Living Structures-The Architecture for Life – An Official Melbourne Documentary Film Selection

Living Structures-The Architecture for Life – An Official Melbourne Documentary Film Selection

Screening on the 24th July, at 13:30, Shorts Session 4, at Cinema Nova. (

A documentary that will challenge your current worldview on design, architecture, and our human-nature relationship. In this film Dr Phillip B. Roös, Associate Professor in Architecture and Director of the Live+Smart Research Lab, ask the critical question: “How can our global society change from its self-centric economic driven worldview to one that create built environments that put nature first?”

While the recent COVID-19 pandemic prompted a need for healthier places, this question remains unanswered. Dr Roös proposes that the answer lies in the living structures of nature, presenting a novel approach to explore nature’s design of absolute interconnectivity and wholeness. Similar to the tone of the award-winning ‘My Octopus Teacher’, the doco presents visible and non-visible living structure found in nature, including patterns of adaptive processes. The narrative of the documentary demonstrates that if we learn to live with nature, we can improve planetary wellbeing significantly. To create healthy environments, architecture critically needs to include living structure. Dr Roös reference Christopher Alexander’s 15 Fundamental Properties of Wholeness and the ‘The Nature of Order’ (2001-2005), and argue that we need a living architecture that goes beyond the current, destructive modernist movement.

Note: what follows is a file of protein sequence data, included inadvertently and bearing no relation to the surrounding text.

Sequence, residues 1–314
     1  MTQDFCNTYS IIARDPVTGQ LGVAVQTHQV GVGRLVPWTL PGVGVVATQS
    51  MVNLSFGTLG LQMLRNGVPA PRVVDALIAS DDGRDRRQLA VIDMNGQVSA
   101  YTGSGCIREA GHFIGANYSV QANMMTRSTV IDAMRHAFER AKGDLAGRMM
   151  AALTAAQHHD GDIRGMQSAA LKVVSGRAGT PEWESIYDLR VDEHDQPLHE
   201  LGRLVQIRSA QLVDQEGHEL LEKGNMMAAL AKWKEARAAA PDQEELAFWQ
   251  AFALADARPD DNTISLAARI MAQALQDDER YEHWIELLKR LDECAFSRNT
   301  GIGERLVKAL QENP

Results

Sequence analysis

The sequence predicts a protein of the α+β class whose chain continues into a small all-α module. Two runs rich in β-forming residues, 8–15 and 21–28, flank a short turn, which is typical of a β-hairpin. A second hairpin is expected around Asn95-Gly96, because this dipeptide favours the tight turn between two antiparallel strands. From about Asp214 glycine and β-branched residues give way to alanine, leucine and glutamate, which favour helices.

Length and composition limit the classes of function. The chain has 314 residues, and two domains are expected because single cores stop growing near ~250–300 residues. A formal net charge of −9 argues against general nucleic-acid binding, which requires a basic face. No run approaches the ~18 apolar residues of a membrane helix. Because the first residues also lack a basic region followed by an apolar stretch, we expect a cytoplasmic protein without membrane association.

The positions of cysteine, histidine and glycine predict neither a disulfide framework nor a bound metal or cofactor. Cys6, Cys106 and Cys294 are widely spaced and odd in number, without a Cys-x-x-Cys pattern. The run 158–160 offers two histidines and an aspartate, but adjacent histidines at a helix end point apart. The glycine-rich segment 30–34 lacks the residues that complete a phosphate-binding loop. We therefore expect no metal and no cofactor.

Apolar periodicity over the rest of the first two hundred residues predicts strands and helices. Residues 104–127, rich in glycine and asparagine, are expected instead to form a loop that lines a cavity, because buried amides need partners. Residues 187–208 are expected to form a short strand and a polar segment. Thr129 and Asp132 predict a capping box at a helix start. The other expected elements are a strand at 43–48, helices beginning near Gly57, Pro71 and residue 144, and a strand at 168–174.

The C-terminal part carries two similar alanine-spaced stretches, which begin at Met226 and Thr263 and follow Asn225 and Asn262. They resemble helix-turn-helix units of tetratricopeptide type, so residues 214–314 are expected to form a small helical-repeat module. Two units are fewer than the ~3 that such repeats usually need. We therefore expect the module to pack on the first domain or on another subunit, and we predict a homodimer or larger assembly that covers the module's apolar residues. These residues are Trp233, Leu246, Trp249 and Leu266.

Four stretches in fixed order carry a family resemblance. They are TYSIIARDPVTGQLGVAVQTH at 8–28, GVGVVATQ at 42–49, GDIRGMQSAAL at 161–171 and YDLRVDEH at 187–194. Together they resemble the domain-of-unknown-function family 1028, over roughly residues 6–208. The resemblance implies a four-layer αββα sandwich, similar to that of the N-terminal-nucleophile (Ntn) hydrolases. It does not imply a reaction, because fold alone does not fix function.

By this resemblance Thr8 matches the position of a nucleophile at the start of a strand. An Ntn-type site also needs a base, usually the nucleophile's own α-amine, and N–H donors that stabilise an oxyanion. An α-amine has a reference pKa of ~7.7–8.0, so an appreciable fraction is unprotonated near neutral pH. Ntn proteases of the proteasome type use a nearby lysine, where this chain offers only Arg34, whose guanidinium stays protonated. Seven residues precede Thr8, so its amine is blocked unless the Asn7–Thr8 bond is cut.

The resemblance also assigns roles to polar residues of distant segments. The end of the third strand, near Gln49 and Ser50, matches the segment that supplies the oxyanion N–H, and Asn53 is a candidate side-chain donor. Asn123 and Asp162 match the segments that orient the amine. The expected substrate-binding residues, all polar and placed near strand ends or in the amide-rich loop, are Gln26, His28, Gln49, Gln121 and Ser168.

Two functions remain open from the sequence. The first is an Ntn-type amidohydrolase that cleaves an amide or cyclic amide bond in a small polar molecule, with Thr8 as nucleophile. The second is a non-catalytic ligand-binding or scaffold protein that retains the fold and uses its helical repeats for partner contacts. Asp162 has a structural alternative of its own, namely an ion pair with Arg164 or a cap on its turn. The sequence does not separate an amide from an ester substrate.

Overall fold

Dr Roös dedicated the film to the father of Pattern Languages, Professor and Architect Christopher Alexander.

The film includes contributions by Prof Mark DeKay, Prof Timothy Beatley, Prof Nikos Salingaros, and Dr Mary-Jane Walker.


Created and written by Dr Phillip B. Roös, Directed by Caleb Plumridge, Produced by Nicole Freeman, Assistant Director James Duggan, Cinematographer Aidan Mair, Co-Editor Ben Raimondo. A film by the True South Film Company and the Live+Smart Research Laboratory, Deakin University.